In December 2012, the European Parliament approved legislation for a new unified patent court system, and on Feb. 19, 24 EU member states signed an agreement to participate in the new structure. InsideCounsel’s April issue took a look at the new system, which may go into effect as soon as 2014 (though it’s likely to take a little longer).
For companies interested in protecting their IP in Europe, an understanding of the unitary patent system will be paramount. Never fear, though, we’ve broken it down for you here, answering all the questions you’re sure to have about the advantages, drawbacks and potential savings:
How is the unified patent court going to work?
Simply put, applicants will be able to seek a patent from the European Patent Office, and get a patent that’s valid across all the participating member states. In the past, innovators had to apply for a “classical” European patent and get approval from each member state, or file separately in each state for a national patent.
The new, unified court will have jurisdiction over all existing European patents, as well as new ones, including for any civil litigation related to the infringement of those patents. There will be a Court of First Instance, with local and regional divisions and a central division with sites in Paris, London and Munich. Its Court of Appeal will be in Luxembourg, and the European Court of Justice will deal with any questions of EU law.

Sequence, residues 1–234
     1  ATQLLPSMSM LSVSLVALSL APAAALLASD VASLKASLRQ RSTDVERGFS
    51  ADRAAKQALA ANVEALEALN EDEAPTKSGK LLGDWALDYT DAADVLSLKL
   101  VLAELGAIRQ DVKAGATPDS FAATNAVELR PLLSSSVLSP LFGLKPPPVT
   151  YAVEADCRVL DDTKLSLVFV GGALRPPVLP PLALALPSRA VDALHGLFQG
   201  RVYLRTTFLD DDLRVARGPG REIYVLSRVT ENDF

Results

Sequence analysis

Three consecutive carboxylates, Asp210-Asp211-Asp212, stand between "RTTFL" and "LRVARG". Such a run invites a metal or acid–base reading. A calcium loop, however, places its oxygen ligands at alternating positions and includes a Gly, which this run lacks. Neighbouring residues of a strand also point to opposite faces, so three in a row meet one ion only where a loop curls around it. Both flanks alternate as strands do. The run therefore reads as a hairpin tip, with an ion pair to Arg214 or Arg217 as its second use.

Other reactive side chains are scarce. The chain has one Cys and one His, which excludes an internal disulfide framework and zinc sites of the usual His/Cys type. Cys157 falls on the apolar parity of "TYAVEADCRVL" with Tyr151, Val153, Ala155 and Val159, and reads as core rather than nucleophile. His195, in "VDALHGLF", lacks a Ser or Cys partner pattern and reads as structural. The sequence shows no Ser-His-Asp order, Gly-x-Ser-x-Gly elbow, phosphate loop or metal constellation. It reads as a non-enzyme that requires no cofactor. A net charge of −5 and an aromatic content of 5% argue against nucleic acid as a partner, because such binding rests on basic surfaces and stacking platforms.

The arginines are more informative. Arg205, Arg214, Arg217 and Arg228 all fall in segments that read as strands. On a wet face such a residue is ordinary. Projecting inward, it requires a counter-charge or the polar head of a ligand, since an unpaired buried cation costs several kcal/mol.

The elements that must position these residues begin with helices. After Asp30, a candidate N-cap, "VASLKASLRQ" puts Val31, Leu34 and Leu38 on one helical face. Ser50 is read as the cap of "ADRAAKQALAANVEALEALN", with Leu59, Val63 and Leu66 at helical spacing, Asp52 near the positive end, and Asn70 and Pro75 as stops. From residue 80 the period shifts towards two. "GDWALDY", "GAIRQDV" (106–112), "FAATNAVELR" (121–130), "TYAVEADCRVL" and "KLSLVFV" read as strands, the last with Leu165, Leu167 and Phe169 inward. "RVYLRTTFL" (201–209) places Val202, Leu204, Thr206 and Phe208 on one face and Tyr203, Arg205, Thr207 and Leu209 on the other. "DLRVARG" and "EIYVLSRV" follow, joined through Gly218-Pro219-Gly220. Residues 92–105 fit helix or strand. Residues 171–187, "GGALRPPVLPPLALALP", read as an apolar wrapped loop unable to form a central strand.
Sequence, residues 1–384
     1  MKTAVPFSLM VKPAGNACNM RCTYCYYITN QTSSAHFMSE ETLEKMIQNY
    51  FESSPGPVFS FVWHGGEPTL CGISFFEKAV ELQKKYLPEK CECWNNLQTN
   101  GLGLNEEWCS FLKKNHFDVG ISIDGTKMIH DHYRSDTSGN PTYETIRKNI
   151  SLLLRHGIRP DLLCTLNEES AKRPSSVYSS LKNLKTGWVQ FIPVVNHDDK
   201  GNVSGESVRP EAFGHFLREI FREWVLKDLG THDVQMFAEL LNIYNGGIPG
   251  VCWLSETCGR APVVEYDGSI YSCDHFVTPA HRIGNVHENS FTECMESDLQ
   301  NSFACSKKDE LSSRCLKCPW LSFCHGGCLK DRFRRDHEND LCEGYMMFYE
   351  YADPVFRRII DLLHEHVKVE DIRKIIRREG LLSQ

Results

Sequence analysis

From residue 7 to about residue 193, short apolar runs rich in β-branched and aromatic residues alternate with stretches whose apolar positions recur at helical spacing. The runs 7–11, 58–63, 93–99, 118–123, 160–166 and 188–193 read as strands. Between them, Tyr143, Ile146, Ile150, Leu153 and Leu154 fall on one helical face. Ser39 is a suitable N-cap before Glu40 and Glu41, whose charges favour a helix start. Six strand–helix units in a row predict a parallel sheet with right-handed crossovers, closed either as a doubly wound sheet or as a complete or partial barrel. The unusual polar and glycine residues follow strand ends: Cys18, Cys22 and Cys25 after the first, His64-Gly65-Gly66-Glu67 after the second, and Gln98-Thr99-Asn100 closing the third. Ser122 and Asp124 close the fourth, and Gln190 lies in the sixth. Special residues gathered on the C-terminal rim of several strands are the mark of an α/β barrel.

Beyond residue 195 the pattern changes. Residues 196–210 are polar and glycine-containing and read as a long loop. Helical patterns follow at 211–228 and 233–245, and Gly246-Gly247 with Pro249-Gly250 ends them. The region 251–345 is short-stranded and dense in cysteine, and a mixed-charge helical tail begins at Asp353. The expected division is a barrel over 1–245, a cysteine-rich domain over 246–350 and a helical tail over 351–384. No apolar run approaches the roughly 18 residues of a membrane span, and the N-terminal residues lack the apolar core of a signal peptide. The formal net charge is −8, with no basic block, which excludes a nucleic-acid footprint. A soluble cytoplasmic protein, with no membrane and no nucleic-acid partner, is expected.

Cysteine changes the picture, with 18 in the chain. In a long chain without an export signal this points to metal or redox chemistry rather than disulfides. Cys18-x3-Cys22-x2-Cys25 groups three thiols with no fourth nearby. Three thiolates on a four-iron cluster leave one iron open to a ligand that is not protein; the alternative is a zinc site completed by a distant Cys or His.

What are the advantages of the new system?
The unified patent court will save in-house counsel time, as they only have to apply to one entity to get a patent for all participating member states. The uniformity is also an advantage—no more worrying that what’s protected in one country might not be in another. For lawyers based in the U.S., the unified patent court will make the EU feel more familiar. Just as you don’t have to apply for patents in multiple states, you won’t have to apply for patents in multiple EU countries.
“[The unitary patent system] is a step toward Europe becoming the United States of Europe,” says Alain Villeneuve, a shareholder at Vedder Price.
There has to be a downside, right?
Well, the risk you run with getting a uniform decision is that you might not like what the court decides. Companies could see their patents revoked in one court and thus be dealt a serious blow across the continent.
The other disadvantage is that the system is still new and untested. It doesn’t resemble any of the existing European systems, and it wasn’t designed by judges or litigators. Some experts are concerned that judges may have differing amounts of experience with patent law, and it’s yet to be determined how they will be appointed.
What effect will the new system have on the cost of filing for patents?
It is going to be way, way cheaper. Currently getting patent protection through a “classical” European patent for all the participating member states would cost about €32,119. According to the European Parliament, the unified patent court will reduce that cost by up to 80 percent. During a preliminary “transitional period,” which will last for up to 12 years, the cost of a unitary patent will be €6,425, and will drop to about €4,725 after that time.